General Motors Chairman and CEO Mary Barra completed two days of tense discussions with politicians in areas affected by the company’s recently announced plans to close five plants and displace thousands of workers.
Barra’s message was that these decisions were not made lightly and that the company would find jobs for many of the displaced workers, but ultimately they were made due to shifts in the buying habits of Americans.
“We had really productive discussions, and I think they have a better understanding of what we’re doing and why, and how we’re making sure that we’re supporting the displaced workers, especially at the plants that are impacted, ” she said after meeting with Michigan politicians, the Detroit News reported.
“And I have an understanding and appreciation of some of the challenges they are working on. As always, when you communicate, you find ways to improve the situation, so I’m very happy to have had the opportunity to meet with as members of Congress as I did.”
(GM CEO’s “open mind” may not save any of the five plants slated for closure. Click Here for the story.)
The politicians from Ohio, Maryland and Michigan had hopes of changing Barra’s mind about the moves, which were approved by the GM board right before Thanksgiving. However, they noted while she was sympathetic, she had no plans to undo any of the choices made.
Ohio Sens. Sherrod Brown and Rob Portman met with Barra on Wednesday, hoping to change her mind, but only got a commitment to try to expedite negotiations with the United Auto Workers union on the future of the company’s recented “unallocated” plants, including the Lordstown Assembly plant in northeast Ohio.
“Both of us want to be sure that both the company and the UAW expedite that as much as possible and get to a decision to provide some potential certainty,” said Portman, a Republican. “She agreed that’s a potential opportunity. Also, she has said to us that she is going to keep an open mind, but she does not want to raise expectations.”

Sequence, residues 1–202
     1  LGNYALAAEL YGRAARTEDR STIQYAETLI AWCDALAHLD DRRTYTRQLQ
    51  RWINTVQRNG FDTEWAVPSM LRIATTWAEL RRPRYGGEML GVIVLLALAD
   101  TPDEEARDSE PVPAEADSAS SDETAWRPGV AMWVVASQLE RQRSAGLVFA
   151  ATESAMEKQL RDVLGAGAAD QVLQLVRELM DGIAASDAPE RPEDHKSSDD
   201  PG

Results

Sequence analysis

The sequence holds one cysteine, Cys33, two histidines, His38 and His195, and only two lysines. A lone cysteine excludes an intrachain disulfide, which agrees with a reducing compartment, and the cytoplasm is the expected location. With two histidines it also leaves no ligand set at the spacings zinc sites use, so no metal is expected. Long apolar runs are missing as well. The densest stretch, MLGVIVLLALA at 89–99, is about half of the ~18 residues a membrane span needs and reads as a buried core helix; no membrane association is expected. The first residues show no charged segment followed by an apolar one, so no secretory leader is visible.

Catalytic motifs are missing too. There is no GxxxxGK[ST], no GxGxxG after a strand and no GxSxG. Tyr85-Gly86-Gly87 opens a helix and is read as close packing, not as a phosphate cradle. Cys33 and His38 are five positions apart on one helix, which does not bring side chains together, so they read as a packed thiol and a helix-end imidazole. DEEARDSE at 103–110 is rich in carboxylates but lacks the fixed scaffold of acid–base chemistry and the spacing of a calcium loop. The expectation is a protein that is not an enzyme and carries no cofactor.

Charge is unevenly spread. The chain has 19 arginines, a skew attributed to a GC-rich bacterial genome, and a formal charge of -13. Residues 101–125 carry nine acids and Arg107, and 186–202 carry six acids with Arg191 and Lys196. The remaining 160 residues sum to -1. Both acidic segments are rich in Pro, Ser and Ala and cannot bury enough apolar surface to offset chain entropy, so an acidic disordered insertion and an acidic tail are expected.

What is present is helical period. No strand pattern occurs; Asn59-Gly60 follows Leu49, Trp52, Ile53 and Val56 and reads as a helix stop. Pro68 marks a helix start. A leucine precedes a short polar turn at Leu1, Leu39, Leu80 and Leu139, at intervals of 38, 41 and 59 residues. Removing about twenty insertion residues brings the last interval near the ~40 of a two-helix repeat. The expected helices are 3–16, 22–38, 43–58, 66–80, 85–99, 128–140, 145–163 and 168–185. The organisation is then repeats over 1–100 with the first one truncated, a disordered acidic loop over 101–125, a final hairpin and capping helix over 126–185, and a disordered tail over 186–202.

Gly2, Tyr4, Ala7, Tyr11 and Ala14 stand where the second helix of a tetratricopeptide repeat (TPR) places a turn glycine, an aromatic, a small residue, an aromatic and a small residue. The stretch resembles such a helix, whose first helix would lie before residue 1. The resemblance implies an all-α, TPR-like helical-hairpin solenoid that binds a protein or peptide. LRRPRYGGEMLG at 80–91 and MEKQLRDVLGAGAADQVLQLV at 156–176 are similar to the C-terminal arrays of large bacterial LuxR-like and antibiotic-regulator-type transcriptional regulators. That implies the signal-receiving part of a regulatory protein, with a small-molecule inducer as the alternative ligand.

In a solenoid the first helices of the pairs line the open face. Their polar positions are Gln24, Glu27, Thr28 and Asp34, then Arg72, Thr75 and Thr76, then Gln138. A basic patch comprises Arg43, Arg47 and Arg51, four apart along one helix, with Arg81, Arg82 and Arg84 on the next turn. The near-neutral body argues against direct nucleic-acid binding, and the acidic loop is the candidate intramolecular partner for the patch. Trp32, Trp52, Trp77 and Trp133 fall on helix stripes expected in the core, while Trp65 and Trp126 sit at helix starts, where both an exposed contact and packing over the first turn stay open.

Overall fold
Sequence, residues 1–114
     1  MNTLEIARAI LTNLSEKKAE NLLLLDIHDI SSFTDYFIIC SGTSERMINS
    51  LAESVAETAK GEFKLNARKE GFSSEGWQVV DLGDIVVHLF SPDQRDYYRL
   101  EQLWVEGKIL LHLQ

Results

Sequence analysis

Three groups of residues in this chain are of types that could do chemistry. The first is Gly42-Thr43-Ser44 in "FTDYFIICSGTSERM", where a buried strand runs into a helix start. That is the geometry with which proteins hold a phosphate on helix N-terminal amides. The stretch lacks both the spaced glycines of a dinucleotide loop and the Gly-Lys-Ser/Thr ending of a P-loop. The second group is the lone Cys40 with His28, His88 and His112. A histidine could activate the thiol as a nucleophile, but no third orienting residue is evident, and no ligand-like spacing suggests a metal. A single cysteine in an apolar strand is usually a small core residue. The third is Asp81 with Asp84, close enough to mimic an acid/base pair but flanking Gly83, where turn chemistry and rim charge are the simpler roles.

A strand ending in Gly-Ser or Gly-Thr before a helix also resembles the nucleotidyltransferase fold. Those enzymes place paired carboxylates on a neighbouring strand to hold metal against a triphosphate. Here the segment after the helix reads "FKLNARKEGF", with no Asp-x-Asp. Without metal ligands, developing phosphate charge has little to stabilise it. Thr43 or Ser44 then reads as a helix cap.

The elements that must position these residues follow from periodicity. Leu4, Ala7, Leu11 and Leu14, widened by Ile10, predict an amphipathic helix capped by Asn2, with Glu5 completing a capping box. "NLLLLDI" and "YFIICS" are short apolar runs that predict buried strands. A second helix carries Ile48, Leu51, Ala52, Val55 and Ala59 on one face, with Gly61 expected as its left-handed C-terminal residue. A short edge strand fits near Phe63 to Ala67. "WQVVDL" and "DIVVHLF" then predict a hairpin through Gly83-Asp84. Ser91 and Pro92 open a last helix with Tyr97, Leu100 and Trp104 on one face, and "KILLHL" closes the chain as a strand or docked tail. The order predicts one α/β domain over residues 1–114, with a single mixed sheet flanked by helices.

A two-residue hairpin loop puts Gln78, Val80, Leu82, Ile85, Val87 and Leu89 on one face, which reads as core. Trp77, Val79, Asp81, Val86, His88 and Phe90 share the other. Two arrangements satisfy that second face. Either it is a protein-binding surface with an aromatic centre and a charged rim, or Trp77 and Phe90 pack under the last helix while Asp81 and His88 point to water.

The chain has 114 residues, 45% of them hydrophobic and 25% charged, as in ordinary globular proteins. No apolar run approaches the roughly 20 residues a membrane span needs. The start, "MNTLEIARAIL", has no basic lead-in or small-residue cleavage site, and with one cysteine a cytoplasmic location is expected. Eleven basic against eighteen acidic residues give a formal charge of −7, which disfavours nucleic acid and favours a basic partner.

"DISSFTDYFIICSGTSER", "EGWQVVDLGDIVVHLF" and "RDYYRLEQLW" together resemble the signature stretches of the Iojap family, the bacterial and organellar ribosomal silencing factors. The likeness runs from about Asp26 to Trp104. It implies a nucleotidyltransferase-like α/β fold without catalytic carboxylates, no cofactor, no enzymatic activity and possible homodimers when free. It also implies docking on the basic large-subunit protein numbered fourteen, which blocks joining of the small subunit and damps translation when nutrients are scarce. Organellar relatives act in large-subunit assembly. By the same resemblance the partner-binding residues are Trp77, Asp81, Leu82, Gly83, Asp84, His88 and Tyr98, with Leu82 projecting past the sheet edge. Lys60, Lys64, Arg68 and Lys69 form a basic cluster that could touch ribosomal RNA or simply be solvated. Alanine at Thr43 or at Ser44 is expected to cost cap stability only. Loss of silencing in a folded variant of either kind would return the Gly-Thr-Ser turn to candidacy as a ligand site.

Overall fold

Brown was more strident in his expectations from Barra and GM, pointing out that there plenty of new products coming in the near future and the Lordstown, Ohio plant would be a good start, especially in lieu of the financial help the company received from the government.
(Click Here for more about GM looking at white collar layoffs due to low buyout response.)
“Are they going to bring an electric vehicle? Are they going to retool their plant and maybe look at one of their SUVs moving into this plant? They can do that. They’ve been the beneficiary of a tax bill that has produced some dollars for them to reinvest. Some of it is stock buybacks, but a lot of it can go to reinvesting in this plant,” said Brown, who is rumored to be a presidential candidate for 2020.
However, Brown wasn’t the only Senator looking to make a case for his state for future products, but Michigan Senator Gary Peters is upset that a recent high-profile product, the new Blazer went to Mexico instead of the U.S.
“There was a recent decision to make the new Chevy Blazer in Mexico,” he said. “They moved production for that Blazer to a factory that had excess capacity, whereas we had excess capacity in the United States. The Chevy Blazer should be made in the United States, with American workers.”
Barra reminded Peters of the long-term nature of decisions made by automakers.
“The decision of where the Blazer was built, that was made many years ago,” she said. “At that time Lordstown, for instance, was running full out of three shifts. The market has changed dramatically.”
(To see more about Mary Barra’s radical reshaping of General Motors, Click Here.)
She noted that since then new products have been designated for plants in Kansas, Tennessee, Indiana and Michigan. Barra also added in a statement that employees who don’t move to new jobs within the company are being offered outplacement assistance to find new jobs.